'It is the most beautiful chapel in my kingdom!' is claimed to have been said by Louis XIV when entering the Châlons-en-Champagne Cathedral on 8 March 1680.
It has to be said that this structure, built in the 12th century and consecrated by Pope Eugene III on 26 October 1147, is considered to be a 13th century gem of Gothic architecture. And nature was not ignorant of this event. On 26 October 1147, during the consecration, a total eclipse of the sun occurred.
Miracle or curse?
The fact is that these natural elements were not quite as mild afterwards, since in 1230 lightning struck the construction, which caught fire and was partially damaged. However, this catastrophe did spare some of the earlier Romanesque elements, like the north tower and the crypt, which are still visible today. Representing the peak of Gothic architecture, the nave serves as a vessel for light while its wall surfaces are reduced to a maximum. It is remarkable for both its design and technical implementation, but also for the materialisation of the theological idea that the church built of rock and drowned by the light represents the people of God imbued with Christ, the divine symbol of light.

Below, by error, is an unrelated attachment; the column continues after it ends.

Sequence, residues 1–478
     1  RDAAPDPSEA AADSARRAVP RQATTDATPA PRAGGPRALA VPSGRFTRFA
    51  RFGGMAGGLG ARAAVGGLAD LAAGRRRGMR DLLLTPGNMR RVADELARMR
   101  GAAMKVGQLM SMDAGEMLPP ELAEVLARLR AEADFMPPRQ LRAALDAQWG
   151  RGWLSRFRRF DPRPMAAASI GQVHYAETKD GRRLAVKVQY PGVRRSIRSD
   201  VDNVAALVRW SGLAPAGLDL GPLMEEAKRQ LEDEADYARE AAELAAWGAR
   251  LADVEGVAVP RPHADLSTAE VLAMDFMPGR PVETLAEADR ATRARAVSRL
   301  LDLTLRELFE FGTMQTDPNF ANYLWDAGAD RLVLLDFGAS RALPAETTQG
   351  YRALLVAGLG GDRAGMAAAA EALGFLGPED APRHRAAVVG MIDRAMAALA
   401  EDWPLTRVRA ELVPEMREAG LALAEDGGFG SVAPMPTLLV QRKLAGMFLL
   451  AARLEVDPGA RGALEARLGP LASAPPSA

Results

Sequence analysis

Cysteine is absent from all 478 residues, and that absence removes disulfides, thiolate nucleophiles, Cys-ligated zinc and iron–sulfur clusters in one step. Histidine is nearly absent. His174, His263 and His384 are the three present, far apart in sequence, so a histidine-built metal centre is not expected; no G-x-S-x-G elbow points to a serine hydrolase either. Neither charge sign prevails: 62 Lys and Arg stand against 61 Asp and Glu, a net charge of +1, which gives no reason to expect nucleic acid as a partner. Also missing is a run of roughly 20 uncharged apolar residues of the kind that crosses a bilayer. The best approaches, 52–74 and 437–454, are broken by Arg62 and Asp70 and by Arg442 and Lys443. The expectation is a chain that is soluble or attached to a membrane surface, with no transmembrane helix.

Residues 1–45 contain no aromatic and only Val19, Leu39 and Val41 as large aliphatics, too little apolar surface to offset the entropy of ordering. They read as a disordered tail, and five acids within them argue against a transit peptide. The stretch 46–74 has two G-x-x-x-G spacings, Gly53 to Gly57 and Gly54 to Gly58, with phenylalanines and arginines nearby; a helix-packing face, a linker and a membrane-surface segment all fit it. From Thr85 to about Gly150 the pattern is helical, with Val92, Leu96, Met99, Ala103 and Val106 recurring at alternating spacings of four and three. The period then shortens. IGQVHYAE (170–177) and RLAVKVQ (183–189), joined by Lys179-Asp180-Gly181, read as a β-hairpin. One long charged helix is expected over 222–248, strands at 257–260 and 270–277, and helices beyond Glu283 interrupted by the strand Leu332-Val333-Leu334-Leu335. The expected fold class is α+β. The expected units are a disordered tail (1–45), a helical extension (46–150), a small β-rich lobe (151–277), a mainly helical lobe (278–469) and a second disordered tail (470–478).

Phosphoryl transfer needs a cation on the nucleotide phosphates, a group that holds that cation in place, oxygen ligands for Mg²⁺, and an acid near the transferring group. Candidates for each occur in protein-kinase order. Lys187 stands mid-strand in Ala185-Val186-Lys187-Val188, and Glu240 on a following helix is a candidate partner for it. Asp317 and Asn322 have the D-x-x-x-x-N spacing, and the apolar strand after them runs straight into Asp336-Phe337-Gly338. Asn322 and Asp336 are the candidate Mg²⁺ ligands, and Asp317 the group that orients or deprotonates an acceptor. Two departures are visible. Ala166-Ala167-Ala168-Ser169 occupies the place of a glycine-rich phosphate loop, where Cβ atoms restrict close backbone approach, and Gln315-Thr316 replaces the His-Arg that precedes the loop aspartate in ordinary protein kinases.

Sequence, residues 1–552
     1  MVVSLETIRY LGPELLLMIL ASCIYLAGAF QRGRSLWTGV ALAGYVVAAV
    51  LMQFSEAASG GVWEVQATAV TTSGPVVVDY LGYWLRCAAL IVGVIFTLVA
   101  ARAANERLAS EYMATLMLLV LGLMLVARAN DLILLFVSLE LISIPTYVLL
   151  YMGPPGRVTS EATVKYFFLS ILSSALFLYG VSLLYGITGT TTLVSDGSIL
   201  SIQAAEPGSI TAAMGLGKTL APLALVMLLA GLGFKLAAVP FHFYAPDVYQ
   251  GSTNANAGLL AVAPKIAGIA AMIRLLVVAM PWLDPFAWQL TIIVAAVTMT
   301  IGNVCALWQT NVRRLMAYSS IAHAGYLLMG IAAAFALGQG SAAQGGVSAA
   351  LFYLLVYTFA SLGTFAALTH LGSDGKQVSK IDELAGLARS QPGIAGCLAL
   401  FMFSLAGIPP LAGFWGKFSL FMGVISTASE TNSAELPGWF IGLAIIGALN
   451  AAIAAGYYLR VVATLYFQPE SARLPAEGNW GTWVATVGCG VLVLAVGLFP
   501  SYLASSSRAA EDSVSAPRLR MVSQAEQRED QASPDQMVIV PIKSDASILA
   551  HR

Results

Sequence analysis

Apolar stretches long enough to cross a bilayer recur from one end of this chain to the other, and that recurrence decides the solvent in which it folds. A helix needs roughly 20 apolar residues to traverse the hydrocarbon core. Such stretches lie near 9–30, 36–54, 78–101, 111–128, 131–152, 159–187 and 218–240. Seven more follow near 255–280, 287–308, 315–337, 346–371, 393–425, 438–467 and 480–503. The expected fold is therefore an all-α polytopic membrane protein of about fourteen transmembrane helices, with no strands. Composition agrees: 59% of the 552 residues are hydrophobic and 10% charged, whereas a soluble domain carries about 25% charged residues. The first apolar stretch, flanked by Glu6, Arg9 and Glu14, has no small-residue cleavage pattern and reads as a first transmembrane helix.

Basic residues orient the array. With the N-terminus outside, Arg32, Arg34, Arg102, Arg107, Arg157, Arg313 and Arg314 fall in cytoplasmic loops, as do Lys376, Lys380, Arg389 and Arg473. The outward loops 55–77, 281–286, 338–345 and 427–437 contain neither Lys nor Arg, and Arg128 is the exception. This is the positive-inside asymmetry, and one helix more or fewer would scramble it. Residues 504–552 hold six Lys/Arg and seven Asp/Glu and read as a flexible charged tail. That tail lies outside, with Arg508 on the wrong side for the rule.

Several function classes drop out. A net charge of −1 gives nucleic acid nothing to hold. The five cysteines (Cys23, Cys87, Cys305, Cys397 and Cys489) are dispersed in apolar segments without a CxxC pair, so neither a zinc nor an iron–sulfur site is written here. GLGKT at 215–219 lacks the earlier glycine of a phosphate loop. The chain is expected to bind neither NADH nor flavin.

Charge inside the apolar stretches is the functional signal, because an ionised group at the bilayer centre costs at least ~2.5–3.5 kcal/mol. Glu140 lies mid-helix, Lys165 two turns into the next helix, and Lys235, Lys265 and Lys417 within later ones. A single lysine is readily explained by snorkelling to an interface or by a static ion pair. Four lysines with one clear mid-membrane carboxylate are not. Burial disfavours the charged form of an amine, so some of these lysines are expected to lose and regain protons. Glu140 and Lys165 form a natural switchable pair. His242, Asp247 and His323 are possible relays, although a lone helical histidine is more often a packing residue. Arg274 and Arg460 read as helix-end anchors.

Also built in the Gothic style, the north door and the seven bays date from the end of the 13th century, while two bays in this same nave, built in the identical manner, date from as late as the 17th century.
The absidiole chapels date from the 14th century. As for the great door, it is in the Renaissance style. The cathedral is also famous for its stained-glass windows, which comprise a series that are considered to be exceptional.
The Romanesque stained-glass window from the 12th century that represents the Redemption is one of the most beautiful ones in the world. Those found above the high altar were offered by young King Saint Louis IX in 1237. The rose window of the north arm, which dates from the 16th century, displays a unique shade of green.